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How Do Copts Endure their Martyrdoms?

From my article published at Providence Magazine:

Copts Endure Martydrom
Photo Credit: Egyptian Coptic Christians attend Orthodox Good Friday mass at the Hanging Church in Coptic Cairo, Egypt, on April 10, 2015. Xinhua/Pan Chaoyue, via Flickr.

“On a day like today,” Fr. Samaan Shehata was murdered in Cairo. The day was October 12, but he likely read those very words in mass just one day earlier, introducing the lives of the saints.

Hunted down and stabbed repeatedly by a Muslim extremist, his name now joins their list. Dozens have preceded him in the last few years alone, gunned down in a bus, bombed in a church, beheaded in Libya.

Godfather to Shehata’s children, Fr. Yuannis Anton said these deaths are a “tax” that Copts must pay for the peace of the church and nation. These are difficult days for Egypt, he said, and the fight against terrorism is a fight for stability.

“In the language of the church, it is our cross to bear,” he said. “But we pray with Jesus not to hold this sin against them. We are not angry nor ask for vengeance, this is not our spirit.”

Similar stances have repeatedly wowed the world as Coptic faithful forgive their enemies. But even when their call instead emphasizes justice, there is an odd sense of jealousy that indwells many in the community.

“I wish I was with him, and lost my life with him,” Fr. Biemen Muftah told C-Sat, who was with Shehata at the time of the murder. “I wish I was as ready as he was, and could be in the place he is now.”

Choking back tears, he said, “We have lost a good priest on the earth, but gained the best intercessor in heaven.”

It is these intercessors Copts learn about “on a day like today,” every time the mass is celebrated.

Called the Synaxarium, the liturgy features daily hagiographic biographies of the celebrated saints of the Coptic Orthodox Church. Read after the Acts of the Apostles and before the Gospel, it features 726 entries, 237 of which involve martyrdom. In daily readings, nearly half the year encourages the faithful to suffer even unto death…

Please click here to read the rest of the article at Providence Magazine.

 

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Current Events

Coptic Martyrs of Cairo, Remembered in New Jersey

coptic-martyrs-in-new-jersey

Forty days later, the pain of terrorism in Egypt resonates as far as New Jersey.

On December 11, 2016 the Coptic community of Egypt was shaken by a suicide bomber, killing 28 worshippers in the St. Peter and St. Paul Church adjacent the Coptic Cathedral.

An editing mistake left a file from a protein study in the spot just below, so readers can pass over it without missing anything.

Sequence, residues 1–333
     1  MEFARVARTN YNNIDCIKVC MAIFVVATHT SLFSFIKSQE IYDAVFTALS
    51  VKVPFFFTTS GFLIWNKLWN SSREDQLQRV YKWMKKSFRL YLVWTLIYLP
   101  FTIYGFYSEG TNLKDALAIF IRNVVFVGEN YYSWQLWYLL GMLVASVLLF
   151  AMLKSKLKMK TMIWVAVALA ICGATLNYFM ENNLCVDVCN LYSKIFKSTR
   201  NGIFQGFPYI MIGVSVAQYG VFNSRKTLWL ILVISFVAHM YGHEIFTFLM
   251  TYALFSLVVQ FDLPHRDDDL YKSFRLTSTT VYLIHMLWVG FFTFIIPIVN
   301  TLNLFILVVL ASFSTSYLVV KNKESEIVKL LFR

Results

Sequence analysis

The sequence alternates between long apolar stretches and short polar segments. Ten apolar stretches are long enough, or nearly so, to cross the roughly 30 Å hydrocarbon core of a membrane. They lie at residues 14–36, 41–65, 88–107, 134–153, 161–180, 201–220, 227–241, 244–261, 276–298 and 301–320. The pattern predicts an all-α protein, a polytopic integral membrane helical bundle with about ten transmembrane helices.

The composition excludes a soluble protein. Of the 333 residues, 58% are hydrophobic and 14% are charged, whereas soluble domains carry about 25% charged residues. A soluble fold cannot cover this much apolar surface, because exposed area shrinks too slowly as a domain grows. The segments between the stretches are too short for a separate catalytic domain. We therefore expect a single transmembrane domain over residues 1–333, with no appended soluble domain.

“Deliverance from our enemies comes only from God,” said Archbishop Karas, patriarchal exarch for North America in the Coptic Orthodox Church.

“But this is not new, martyrdom is part of living our lives in Christ.”

Archbishop Karas was one of many religious and political dignitaries present during a commemoration service at the St. Mina Coptic Orthodox Church in Holmdel, NJ. Copts sometimes jest that their diaspora in New Jersey is the ‘Shubra’ of the United States, referring to the mixed but heavily populated Coptic neighborhood in Cairo.

Approximately 1000 visitors gathered on January 13 to honor the martyrs who lost their lives, fitting with the traditional Egyptian custom of mourning the deceased on the fortieth day after their passing.

This corresponds to January 20, but host Fr. Michael Sorial explained the service was moved forward to avoid scheduling on the presidential inauguration.

Fr. Sorial offered thanks to Egyptian president Abdel Fattah al-Sisi for his response to the tragedy. Immediately he promised to restore the Cairo church to its original condition in time for Coptic Christmas on January 7, and honored the victims with a state funeral.

The work completed, Sisi visited Coptic Orthodox Pope Tawadros II for Christmas mass in the Coptic Cathedral for the third year running. He is the first Egyptian president ever to do so.

Fr. Sorial also hosted a number of New Jersey political figures, among them longtime friend of the Coptic community Sen. Robert Menendez (D-NJ).

“We look up to God, for only faith can truly comfort us at a time like this,” said Menendez. “And in each other we find the strength to move forward.

“As long as I have a vote and a voice in the US Senate, I will be a bold advocate for tolerance and acceptance, for freedom of religion, peace, and security – both here at home and around the world.”

Menendez was joined by fellow senator Cory Booker (D-NJ), who offered his condolences in a recorded video.

“I am grateful the Coptic community lives those values of joy, of peace, of mercy, of compassion,” said Booker. “You evidence the values that are needed now more than ever to combat that kind of violence.”

Rep. Chris Smith (R-NJ-4) dispatched an official letter.

“My prayer is that following this darkness and evil, the light of the Christian community in Egypt will burn brighter than ever before,” he wrote.

“I commit to you to work toward a more secure future for Christians in Egypt and in the region.”